With apologies to William Shakespeare:

    What’s in a name? That which we call a weed would yet raise a stink.


At this point in my journalistic career, there seem to be somewhere out there some three, maybe four, fans of this column. That’s including myself. There used to be one more, but my mother died back in 1990 and that reduced by one the fan club enrollment.  I still sometimes have opportunity to answer plant questions. Much of the time I am hamstrung by my lack of knowledge of plant pathology, for the greatest number of questions are about a sick plant. 

Nonetheless, my heart is in it, even if my head is not, and my feeble comments on such and such a plant that is on life support are likely to miss the mark. I am not averse to warning my interlocutor of such a circumstance, and many times I am reduced to referring her (hardly ever a him) to a more learned authority. In the case of an “at hand” event, that is, when we are actually looking at the plant in question, it makes successful resolve of the situation a bit more likely.  

And it is not always about sick plants. Sometimes we are in my questioner’s garden and she points to such and such a plant and asks, “Is this a plant or a weed?” 

Well, duh, that can be answered with: both or one or the other. A weed is a plant, but a plant is not necessarily a weed. In other words, what she means is, “Is that a desirable plant or is it an undesirable weed?” A weed is best described as a plant growing where it is not wanted. A 50-feet sweetgum tree growing a foot from a house foundation is indeed a weed. Of even more import, it is a weed of giant potential for more destruction than any Johnson grass or even the malicious mulberry weed that sullies and might eventually overwhelm your favorite flower bed if left unchecked. The tree could some day wreak rack and ruin on your dwelling, whereas the mulberry weed has only enough insidious power to destroy a flower bed. Then there is the ever present question of how to get rid of, say, chickweed, said Johnson grass, said mulberry weed, or any other of numberless nemeses that are born to destroy, or at least die trying.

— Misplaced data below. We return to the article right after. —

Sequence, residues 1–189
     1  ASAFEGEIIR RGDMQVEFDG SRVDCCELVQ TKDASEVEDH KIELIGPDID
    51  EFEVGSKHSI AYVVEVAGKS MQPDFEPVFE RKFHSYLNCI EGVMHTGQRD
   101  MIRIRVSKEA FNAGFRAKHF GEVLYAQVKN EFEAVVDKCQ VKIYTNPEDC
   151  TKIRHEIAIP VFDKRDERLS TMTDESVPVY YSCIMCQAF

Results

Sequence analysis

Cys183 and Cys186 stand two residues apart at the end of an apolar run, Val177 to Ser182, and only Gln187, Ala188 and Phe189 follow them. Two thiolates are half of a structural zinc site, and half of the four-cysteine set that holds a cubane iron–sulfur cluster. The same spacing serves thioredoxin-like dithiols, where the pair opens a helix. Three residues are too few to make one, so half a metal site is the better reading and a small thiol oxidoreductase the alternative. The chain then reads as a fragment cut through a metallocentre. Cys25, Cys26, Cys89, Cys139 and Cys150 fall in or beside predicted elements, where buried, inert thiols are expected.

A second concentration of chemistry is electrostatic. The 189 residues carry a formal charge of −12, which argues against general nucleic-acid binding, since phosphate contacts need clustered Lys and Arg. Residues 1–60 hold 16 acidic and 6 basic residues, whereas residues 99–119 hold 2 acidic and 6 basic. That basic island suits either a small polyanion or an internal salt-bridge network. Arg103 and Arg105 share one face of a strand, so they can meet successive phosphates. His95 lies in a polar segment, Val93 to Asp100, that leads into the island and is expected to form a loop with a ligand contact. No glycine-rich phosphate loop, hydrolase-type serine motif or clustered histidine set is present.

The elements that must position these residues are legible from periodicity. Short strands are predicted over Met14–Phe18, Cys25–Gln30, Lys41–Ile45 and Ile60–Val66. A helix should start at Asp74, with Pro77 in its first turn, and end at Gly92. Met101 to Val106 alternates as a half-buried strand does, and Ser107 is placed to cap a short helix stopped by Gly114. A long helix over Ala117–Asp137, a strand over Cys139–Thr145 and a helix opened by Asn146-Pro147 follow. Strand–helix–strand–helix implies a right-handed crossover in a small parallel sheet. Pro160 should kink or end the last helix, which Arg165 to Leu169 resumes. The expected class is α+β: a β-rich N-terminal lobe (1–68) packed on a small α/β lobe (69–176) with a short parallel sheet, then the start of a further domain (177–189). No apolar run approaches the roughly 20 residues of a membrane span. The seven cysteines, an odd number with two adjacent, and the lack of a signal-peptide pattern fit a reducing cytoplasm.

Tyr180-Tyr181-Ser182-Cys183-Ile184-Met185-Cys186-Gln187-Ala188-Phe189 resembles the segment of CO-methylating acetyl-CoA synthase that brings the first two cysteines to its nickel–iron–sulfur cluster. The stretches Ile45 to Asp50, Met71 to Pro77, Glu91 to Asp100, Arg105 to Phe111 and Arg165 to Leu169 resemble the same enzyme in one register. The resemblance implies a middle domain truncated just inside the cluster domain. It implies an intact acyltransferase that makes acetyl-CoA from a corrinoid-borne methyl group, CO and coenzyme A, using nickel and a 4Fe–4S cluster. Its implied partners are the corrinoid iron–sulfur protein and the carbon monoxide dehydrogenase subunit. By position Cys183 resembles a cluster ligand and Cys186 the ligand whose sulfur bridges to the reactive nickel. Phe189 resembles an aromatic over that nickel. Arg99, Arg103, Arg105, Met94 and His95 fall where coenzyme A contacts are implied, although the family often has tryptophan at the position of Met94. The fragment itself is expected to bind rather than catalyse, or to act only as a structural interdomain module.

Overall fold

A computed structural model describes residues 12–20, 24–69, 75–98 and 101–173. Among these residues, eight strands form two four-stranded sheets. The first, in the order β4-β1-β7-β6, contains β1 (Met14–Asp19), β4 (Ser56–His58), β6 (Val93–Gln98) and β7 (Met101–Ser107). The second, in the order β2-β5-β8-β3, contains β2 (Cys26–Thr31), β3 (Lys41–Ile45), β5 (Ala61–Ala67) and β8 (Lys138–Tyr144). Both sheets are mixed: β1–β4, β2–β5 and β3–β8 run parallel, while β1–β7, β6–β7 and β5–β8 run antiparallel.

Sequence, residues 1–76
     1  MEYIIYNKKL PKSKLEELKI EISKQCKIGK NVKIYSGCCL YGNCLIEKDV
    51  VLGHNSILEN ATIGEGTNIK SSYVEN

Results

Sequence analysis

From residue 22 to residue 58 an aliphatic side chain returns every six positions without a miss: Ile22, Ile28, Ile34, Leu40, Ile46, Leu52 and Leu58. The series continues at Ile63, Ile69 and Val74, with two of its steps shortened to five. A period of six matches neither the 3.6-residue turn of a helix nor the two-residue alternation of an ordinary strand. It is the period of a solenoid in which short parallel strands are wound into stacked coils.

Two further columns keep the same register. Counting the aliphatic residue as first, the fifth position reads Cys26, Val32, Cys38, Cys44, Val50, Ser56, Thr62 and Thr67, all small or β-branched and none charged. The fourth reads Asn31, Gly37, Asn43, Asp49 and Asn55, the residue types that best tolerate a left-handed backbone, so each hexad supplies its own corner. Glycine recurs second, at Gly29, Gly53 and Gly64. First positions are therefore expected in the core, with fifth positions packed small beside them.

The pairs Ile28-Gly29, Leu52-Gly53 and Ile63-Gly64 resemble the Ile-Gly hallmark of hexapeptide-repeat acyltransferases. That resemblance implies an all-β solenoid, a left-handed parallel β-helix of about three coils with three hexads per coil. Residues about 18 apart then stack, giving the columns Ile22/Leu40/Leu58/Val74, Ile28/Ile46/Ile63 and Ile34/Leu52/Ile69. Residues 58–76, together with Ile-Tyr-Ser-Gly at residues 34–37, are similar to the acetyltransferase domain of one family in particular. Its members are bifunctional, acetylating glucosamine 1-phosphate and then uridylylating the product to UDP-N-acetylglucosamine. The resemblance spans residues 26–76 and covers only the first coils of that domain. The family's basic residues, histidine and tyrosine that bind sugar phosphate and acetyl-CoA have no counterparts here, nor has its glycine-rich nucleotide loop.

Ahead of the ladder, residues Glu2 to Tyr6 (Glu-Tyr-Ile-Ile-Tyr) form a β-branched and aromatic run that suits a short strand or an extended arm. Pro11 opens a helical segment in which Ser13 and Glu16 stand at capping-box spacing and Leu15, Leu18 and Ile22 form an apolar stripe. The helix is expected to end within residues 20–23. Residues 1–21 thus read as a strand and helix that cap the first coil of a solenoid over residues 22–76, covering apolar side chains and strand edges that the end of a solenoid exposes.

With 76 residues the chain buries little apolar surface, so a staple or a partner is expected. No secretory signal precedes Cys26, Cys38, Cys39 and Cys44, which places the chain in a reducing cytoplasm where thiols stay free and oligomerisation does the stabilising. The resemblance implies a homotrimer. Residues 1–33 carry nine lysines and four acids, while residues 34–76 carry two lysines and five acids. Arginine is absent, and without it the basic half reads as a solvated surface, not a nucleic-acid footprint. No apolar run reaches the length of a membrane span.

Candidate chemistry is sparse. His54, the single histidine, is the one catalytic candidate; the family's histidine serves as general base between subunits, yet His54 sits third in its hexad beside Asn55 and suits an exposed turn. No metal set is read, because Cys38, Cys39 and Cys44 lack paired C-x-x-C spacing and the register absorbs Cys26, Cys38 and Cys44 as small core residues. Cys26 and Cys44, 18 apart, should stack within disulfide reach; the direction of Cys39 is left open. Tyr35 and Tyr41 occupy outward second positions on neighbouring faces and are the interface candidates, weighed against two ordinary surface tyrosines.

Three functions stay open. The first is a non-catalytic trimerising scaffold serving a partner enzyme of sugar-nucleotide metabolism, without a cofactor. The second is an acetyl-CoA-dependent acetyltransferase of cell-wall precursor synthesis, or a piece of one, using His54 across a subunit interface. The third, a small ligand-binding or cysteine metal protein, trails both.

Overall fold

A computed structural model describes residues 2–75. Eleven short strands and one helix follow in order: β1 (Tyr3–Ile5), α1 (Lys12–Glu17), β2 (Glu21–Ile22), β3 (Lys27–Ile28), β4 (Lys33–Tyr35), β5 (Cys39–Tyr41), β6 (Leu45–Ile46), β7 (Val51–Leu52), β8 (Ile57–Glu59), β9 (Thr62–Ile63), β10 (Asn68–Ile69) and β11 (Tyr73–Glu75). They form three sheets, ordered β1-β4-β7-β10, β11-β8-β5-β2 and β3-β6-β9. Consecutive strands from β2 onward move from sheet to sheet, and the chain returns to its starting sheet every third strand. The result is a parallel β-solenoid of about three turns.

The answers are as plenteous as are the weeds. Relief comes in many forms, from herbicides to hoes and on down to nimble fingering out such as the lamented mulberry weed. Taking the last first, mulberry weed, which has become rampant in this area in the last few years, is immune to hoeing, but not to herbicides. However, the vicious habit of mulberry weed is to sprout in the most inconvenient places, namely tight against a desirable plant. 

A shot of herbicide can lead to poisoning the desirable plant as well as the mulberry weed. Another problem with mulberry weed, and others of like habit, is that they start to set seed when very small. Blast out a tiny mulberry weed with a herbicide, and if it has already set seeds (very likely) those seeds will sprout, either immediately or not until the next growing season when they have the grievous habit of not germinating all at once, but over a full season from spring to fall. 

So, what is the answer? You don’t want to hear it, but the only recourse is pricking out seedlings when they are very small, no more than three inches tall, and are, at that stage, likely difficult to be seen among your desirable plants. And one season of eradication, even if it were possible, won’t suffice. It would take two or three seasons of virtual elimination to come to anything like a permanent solution. No, we must needs to make a lifetime occupation of it, miserable as it is. 


JIMMY WILLIAMS is the garden writer for The Post-Intelligencer, where he can be contacted on Monday mornings at 642-1162.

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